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Vets help animals using stem cells

Jake the yellow Labrador retriever couldn't even walk down the stairs without extreme pain caused by his advanced arthritis. Medications left him depressed and joint replacement surgery was out of the question, but Kansas City veterinarian Les E. Pelfrey had an answer - stem cell therapy, The Kansas City Star reports.

This new and somewhat controversial procedure involves taking stem cells that are harvested in the fat of the animal's body and injecting them into its joints. Over a few weeks, the cells will regenerate missing cartilage, making arthritic joints healthy again, the news outlet reports.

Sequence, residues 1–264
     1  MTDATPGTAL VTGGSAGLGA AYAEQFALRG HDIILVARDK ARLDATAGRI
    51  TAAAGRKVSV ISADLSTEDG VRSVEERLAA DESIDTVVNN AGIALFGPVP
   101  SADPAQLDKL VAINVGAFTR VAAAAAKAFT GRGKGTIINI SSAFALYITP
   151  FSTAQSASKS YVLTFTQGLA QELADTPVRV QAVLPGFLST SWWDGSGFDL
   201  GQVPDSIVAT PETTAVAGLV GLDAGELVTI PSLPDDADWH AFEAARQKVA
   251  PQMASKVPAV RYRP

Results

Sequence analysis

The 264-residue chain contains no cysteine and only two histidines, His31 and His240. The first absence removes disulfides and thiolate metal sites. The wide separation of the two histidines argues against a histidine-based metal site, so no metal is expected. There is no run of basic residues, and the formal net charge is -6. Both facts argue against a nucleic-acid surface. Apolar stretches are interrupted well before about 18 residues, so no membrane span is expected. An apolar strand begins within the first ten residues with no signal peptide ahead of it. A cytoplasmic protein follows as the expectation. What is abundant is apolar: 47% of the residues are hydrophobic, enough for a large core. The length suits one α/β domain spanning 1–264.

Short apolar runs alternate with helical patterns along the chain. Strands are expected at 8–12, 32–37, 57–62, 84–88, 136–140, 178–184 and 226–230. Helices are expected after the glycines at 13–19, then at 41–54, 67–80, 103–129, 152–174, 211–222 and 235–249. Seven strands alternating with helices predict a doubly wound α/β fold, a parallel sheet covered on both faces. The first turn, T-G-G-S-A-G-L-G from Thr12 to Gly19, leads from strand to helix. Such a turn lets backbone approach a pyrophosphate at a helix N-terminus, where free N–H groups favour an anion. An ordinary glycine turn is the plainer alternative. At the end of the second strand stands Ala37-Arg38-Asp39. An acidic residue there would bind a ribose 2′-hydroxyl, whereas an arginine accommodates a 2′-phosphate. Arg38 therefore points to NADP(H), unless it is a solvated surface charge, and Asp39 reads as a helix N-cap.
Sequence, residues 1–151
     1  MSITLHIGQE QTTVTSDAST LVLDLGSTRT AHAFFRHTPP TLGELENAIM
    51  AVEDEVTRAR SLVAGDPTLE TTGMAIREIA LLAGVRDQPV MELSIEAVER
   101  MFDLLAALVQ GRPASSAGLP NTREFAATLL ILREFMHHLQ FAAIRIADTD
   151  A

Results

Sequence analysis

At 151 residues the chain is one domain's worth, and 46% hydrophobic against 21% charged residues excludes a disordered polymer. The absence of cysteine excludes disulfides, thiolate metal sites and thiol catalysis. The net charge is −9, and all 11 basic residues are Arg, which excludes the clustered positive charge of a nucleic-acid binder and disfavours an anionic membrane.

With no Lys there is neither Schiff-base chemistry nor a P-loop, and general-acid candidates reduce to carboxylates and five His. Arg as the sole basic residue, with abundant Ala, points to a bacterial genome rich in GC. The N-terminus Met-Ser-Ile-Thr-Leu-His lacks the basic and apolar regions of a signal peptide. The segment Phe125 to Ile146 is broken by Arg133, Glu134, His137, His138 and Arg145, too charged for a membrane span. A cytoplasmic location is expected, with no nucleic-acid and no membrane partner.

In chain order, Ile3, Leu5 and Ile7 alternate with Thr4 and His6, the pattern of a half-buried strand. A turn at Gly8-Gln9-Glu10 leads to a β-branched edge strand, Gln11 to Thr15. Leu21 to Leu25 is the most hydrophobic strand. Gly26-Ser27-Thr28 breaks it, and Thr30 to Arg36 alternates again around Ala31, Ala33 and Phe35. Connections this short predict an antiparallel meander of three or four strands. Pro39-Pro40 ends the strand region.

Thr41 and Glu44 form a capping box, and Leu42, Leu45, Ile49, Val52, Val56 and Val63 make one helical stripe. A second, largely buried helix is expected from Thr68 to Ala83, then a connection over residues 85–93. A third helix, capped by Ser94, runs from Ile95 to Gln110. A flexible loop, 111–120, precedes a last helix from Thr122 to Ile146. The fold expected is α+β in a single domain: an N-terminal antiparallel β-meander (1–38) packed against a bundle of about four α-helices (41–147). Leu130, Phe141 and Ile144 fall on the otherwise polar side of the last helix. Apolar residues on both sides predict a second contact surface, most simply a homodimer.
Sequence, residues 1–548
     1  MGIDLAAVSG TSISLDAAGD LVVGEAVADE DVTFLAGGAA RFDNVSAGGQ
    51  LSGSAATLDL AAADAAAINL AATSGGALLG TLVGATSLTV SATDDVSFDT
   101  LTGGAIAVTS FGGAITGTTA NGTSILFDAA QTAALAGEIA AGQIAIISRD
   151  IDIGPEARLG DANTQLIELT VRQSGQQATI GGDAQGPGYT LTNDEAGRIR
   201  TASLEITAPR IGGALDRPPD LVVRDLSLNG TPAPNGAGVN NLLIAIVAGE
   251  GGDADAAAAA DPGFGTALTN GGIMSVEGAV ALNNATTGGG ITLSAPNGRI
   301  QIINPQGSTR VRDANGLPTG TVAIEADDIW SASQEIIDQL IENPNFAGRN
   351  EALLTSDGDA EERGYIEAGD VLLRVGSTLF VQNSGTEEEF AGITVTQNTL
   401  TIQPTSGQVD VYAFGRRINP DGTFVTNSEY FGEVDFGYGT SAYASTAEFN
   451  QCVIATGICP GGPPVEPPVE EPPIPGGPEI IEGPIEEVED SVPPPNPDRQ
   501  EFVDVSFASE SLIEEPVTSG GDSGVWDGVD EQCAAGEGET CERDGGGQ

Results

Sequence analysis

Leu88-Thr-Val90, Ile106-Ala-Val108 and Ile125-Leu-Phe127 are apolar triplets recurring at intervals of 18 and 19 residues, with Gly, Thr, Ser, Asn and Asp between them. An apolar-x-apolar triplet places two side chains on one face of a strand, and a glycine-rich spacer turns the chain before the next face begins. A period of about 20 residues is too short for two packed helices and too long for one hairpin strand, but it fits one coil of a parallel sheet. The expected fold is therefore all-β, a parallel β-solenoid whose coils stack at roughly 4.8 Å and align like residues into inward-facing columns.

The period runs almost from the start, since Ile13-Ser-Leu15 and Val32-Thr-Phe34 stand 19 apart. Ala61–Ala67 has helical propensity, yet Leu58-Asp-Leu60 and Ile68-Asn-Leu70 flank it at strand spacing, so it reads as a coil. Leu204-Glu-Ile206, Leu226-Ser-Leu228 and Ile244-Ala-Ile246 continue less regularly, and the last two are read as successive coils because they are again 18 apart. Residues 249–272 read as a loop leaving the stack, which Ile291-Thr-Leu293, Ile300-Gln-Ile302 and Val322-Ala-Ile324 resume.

However, the results are not proven, making many veterinarians skeptical that it will help animals. James L. Cook, a professor of orthopedics at the University of Missouri's College of Veterinary Medicine told the news outlet that he would recommend the therapy for horses with damages tendons, but never for dogs.

Last year, ABC News reported the way that this same stem cell treatment is being used in humans with arthritis. It is being called a potential alternative to joint replacement surgeries. 
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